Jahallah “Jay” Simmons, from Montclair State University in New Jersey, is one of 30 college students from across the nation attending Southern Oregon University’s four-week geology/hydrology summer field camp. On Wednesday, the group studied and mapped rocks near Hilt, Calif. - Julia Moore

Lay Of The Land

Before Jahallah "Jay" Simmons begins inspecting the rocks under his feet in the lower Colestin Valley, he carefully checks the area for things that slither.

"I do have a little fear and apprehension of rattlesnakes," acknowledged the senior from Montclair State University in New Jersey just a few dozen miles out of New York City.

"There are rattlesnakes out here — we've crossed paths with a few," he added. "Every evening when I get home, I'm just happy I've gone through another day of not getting bit."

Simmons, whose temporary home is a dorm at Southern Oregon University in Ashland, is one of 30 college students from across the nation attending SOU's four-week geology/hydrology summer field camp which ends in mid-July. The students were studying sandstone formations in the lower Colestin Valley the first week, then will progress north, stopping at places such as Little Butte Creek in Jackson County and studying the lava rock in the Crater Lake caldera.

"For many, this is a real challenge because they haven't had much field experience," observed Jad D'Allura, a newly retired SOU geology professor. "But they are doing well."

Like Simmons, all of the students are hard-science majors more than willing to step around an occasional buzzworm such as the one they spotted along the banks of Cottonwood Creek near Hilt. Seniors or graduate students all, they hail from colleges throughout the nation: Boston University, Indiana State University, University of Cincinnati, University of Tennessee, Texas A&M, University of Wisconsin, Pacific Lutheran University and others.

"We had to turn away 40 students — we can't take everybody who applies," said D'Allura, 64, who retired from SOU this spring and is now working on a contract basis.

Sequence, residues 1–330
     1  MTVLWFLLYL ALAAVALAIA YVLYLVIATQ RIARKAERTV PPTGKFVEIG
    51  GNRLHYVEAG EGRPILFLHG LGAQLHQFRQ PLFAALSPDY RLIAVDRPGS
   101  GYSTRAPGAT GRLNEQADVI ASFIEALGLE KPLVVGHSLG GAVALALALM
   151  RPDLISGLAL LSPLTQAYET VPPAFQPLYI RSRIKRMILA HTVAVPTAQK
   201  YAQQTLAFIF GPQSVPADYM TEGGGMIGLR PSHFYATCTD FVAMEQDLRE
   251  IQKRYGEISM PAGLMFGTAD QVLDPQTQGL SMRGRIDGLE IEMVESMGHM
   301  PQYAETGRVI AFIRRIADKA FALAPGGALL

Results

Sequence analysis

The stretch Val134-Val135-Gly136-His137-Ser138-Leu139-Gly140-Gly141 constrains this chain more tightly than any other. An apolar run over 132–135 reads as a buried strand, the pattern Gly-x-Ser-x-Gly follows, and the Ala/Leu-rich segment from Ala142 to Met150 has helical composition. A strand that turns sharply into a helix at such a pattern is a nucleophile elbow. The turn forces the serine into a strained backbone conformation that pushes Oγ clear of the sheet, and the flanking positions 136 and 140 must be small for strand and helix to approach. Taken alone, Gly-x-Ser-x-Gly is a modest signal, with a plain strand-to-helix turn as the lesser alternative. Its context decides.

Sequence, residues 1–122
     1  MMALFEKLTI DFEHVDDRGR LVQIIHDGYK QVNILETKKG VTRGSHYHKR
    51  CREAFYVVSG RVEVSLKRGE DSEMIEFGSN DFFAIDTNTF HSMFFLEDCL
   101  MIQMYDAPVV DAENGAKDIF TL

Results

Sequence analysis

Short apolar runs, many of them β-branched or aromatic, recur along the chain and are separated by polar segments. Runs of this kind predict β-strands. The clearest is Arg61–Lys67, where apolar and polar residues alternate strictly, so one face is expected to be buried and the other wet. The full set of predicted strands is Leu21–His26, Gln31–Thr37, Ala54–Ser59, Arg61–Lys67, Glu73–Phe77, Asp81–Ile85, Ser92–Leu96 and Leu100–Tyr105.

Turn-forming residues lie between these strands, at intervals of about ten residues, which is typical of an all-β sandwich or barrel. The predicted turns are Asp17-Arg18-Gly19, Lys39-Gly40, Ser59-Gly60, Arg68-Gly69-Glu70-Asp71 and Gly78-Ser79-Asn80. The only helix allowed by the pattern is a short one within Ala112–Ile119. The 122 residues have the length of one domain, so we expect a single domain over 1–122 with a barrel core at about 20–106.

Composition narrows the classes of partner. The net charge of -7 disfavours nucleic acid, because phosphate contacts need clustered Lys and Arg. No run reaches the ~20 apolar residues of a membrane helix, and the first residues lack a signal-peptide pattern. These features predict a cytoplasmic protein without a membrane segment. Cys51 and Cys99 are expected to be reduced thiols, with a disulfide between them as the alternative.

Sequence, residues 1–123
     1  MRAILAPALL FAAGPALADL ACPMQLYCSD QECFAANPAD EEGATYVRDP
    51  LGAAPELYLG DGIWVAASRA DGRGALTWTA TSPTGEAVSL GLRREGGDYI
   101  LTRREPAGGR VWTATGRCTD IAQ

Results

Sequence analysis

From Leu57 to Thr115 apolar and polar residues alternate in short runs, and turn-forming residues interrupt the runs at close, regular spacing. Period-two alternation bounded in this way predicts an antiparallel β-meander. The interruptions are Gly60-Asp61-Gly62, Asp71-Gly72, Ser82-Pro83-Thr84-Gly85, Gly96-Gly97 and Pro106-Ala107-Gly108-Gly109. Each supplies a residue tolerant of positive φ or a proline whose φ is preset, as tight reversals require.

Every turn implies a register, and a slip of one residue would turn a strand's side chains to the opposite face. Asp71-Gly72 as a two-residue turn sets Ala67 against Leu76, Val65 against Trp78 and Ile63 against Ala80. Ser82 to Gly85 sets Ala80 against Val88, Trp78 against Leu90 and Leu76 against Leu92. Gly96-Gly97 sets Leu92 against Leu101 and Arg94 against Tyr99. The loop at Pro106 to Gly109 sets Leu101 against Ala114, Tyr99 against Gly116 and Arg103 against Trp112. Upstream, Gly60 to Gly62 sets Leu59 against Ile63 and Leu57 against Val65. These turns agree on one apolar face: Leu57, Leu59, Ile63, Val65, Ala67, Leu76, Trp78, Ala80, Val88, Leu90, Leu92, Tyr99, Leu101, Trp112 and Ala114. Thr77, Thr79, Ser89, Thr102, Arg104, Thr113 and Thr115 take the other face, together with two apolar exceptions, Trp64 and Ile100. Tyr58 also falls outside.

Former SOU professor Bill Elliott, 37, now chairman of geology and physics at the University of Southern Indiana in Evansville, comes back each summer to join D'Allura in teaching the course. Although a similar summer class was first taught at the school in 1979, its current permutation began in 1997. SOU's geology department has been melded into the environmental studies department.

"I like teaching field geology in Southern Oregon and Northern California because of the diversity of the geology here," Elliott said. "There is a lot of different geology, a lot of different areas to take students within just a 20- to 30-minute drive of Ashland. You can show students things most of them have only seen in textbooks."

In the Colestin Valley, the students were helping to develop a geological map that includes sandstone around 100 million years old, D'Allura said.

"They are measuring the orientation of the rocks that are dipping or slanted towards the northeast as the result of the Klamath Mountains being uplifted," he explained. "One of things they will try to do is determine how much of the old paleoenvironment is represented by the sedimentary structures here."

Montclair State senior Deepa Shah, 24, who is majoring in both geology and physics, took over where the professor left off.

"We are measuring the strike and dip to see how the bedding is aligned," she said. "Basically, that will tell us which way the whole formation is dipping and oriented."